Simalarly, all the coincidences inherrent to the Official Explanation of the 9/11 attacks render that explanation worthless absent some as yet undiscovered evidence. We’re supposed to believe, for example, that all four of the black boxes at the WTC were instantly vaporized and yet Mohammed Atta’s passport survived? Sorry, no can do.
    You keep preaching evidence, evidence, evidence, but you don’t provide any. All you do is attack the alternative theory. Since the Official Explanation has been dismissed by its own authors as deeply flawed, it stands to reason that some other explanation exists. I am not utterly convinced of a PNAC/Halliburton/Carlyle Group conspiracy, but so far that is the explanation that makes the fewest assumptions. I agree that some of the theories advanced by members of the 9/11 Truth Movement (I too hate that nomenclature)are way, way out there. Some of it is downright embarrassing. You know what else is embarrassing? The behavior of some environmentalists. But I’m not going to stop caring about the environment simply because some of my fellow environmentalists are embarrassing doofuses.

  37. #37 BigDaddyMalcontent
    May 4, 2007

    I’m sorry, we don’t argue with cranks here. If you want to debate 9/11 conspiracy theories, seriously, go to a 9/11 truther site. We’re simply not interested.

    What makes me a crank?

    You’ve been debating this for several days but now you want to stop. Why? Have I brought up too many good points?

  38. #38 BigDaddyMalcontent
    May 4, 2007

    Yes, one of the interesting things about modern criminal conspiracies of presidents is how they’ve in each case nearly brought down the chief executive, how quickly people found real evidence for things like extreme rendition etc.

    Nixon is the only example I can think of.
    LBJ wasn’t nearly brought down for falsifying the Gulf of Tonkin incident. Reagan wasn’t damaged by Iran Contra, nor was his vice president who later went on to become president.

  39. #39 MarkH
    May 4, 2007

    Sigh.

    Because it’s not a valuable use of time. Extraordinary claims require extraordinary proof. If you can’t see that your claims and loosely associated ramblings about lies and Abramoff and Atta don’t mean anything in terms of a 9/11 plot (You could just as easily replace the illuminati with PNAC and Carlyle) that what in the world could I do to change your mind? And the denigration of evolutionary biology and science as a whole to try to increase the validity of 9/11 claims? Pretty weak stuff there, evolutionary theory is not dependent on the presence or absence of transitional fossils, that’s an ID talking point, and it’s actually one of the most substantiated theories ever.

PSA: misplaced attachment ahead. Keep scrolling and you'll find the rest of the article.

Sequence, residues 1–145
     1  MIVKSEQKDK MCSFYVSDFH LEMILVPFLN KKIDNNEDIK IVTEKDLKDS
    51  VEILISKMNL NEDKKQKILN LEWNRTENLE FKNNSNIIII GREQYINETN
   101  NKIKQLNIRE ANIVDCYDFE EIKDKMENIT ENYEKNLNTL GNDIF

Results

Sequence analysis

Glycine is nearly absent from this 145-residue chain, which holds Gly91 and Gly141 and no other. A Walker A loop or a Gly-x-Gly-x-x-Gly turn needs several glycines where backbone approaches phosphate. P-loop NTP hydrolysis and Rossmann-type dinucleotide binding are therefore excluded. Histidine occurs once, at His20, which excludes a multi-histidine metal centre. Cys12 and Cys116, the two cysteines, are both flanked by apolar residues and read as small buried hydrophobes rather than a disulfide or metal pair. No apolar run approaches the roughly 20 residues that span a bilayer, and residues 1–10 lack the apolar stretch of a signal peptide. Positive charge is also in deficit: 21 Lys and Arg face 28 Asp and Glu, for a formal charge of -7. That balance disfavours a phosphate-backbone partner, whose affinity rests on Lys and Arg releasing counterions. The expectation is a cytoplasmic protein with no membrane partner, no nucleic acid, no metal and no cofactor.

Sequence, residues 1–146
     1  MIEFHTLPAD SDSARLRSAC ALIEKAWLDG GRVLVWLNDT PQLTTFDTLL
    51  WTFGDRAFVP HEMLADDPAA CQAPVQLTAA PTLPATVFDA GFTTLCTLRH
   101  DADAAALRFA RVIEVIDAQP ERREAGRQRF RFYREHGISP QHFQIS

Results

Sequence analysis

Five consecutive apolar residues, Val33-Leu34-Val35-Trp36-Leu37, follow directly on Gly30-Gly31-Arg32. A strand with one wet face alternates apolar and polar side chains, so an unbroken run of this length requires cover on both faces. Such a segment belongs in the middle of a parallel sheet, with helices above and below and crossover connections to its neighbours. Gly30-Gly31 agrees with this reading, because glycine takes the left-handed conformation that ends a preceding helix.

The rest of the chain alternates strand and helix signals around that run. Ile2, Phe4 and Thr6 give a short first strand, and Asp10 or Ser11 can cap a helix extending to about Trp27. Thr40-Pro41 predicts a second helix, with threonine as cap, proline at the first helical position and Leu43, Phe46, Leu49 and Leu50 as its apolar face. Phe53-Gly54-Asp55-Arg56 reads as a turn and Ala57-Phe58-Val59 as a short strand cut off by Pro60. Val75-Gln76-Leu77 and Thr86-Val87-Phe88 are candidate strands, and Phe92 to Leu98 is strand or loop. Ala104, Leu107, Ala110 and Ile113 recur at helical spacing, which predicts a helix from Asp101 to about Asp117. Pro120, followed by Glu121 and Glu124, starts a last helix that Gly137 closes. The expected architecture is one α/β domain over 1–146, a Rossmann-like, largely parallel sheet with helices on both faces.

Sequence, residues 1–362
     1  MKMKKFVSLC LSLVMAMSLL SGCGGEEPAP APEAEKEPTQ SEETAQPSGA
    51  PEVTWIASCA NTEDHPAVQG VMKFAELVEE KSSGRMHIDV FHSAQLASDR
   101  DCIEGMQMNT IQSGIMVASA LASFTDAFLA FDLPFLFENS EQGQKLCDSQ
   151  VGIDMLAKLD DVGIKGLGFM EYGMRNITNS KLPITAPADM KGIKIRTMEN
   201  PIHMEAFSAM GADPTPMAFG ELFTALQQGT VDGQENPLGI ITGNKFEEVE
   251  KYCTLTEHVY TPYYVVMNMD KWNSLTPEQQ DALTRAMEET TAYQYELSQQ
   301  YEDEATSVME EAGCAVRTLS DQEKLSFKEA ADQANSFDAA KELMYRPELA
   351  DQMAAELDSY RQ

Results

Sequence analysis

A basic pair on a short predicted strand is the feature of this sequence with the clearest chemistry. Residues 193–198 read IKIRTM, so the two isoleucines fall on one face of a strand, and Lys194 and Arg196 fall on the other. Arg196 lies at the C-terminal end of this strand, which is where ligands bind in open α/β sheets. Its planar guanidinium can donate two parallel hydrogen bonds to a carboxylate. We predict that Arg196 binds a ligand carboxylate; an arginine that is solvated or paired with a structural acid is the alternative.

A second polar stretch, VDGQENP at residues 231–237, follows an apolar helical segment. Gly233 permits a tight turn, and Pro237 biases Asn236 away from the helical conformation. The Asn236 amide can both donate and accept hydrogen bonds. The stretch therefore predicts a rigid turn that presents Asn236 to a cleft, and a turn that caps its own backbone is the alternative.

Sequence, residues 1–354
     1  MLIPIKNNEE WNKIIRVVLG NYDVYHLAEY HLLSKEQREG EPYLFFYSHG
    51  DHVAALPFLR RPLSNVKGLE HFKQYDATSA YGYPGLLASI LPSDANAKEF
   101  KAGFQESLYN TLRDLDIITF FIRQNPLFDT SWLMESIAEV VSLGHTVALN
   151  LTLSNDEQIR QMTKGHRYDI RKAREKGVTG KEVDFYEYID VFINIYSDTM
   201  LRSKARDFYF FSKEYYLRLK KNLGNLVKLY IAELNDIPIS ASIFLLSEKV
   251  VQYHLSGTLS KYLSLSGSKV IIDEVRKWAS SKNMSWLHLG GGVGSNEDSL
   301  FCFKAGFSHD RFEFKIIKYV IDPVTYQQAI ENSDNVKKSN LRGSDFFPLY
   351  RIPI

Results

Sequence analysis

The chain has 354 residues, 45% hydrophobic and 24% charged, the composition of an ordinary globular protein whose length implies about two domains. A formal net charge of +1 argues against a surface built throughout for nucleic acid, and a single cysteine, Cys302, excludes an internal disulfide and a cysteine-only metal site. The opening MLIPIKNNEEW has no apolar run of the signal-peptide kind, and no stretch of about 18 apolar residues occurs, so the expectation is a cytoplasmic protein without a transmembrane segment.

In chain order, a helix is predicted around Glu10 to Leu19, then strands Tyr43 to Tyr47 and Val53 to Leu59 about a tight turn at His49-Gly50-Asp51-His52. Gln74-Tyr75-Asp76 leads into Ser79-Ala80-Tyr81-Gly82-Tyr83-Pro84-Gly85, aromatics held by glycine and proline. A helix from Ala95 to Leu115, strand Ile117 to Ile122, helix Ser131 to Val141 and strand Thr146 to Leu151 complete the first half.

I hate to tell you BDM, but you sound a lot like a crank. And the reason I don’t argue with cranks is that, well, they can’t be turned. It’s kind of one of our main points here.

  40. #40 BigDaddyMalcontent
    May 4, 2007

    And the denigration of evolutionary biology and science as a whole to try to increase the validity of 9/11 claims?

    Where did I denigrate evolutionary biology and science as a whole? Here is what I wrote:

    “To date, no complete skeletons of so-called transition species have been found, and yet we know that natural selection takes place more or less they way Darwin described it. How? By taking tiny bits of scattered evidence and applying common sense.” I fail to see how this denigrates evolutionary biology and science.

    evolutionary theory is not dependent on the presence or absence of transitional fossils,”

    That is precisely what I was getting at. I think if you read my blog, you will find that we share a lot of common ground. You are making inferences about me based on a.) our disagreement on this particular issue; and b.) what I percieve as a misinterpretation of my remarks on natural selection. For the record, I do not believe in ID or creationism or even God. I do not believe complete skeletons of “transition species” are necessary for the acceptance of natural selection, which I thought I was making clear with that remark.
    I hate to tell you Mark, but you employ too many straw man arguments and seem to have a tendency to mis-read blog comments.

  41. #41 MarkH
    May 4, 2007

    I don’t think that’s a misreading BDM. You’re equating the strength of 9/11 conspiracy theories to the evidence behind evolution, I think most of the other SBers here would have a big problem with that.

    Ok, so you believe in evolution. That’s wonderful. But this logical leap from a passport and Abramoff and Casinos and alleged flaws of the 9/11 report to “the Carlyle group did it” is a bit much. Further, I don’t need to prove anything. I’m not making the extraordinary claim that a evil cabal is running the government and planned the greatest hoax terrorist attack of all time.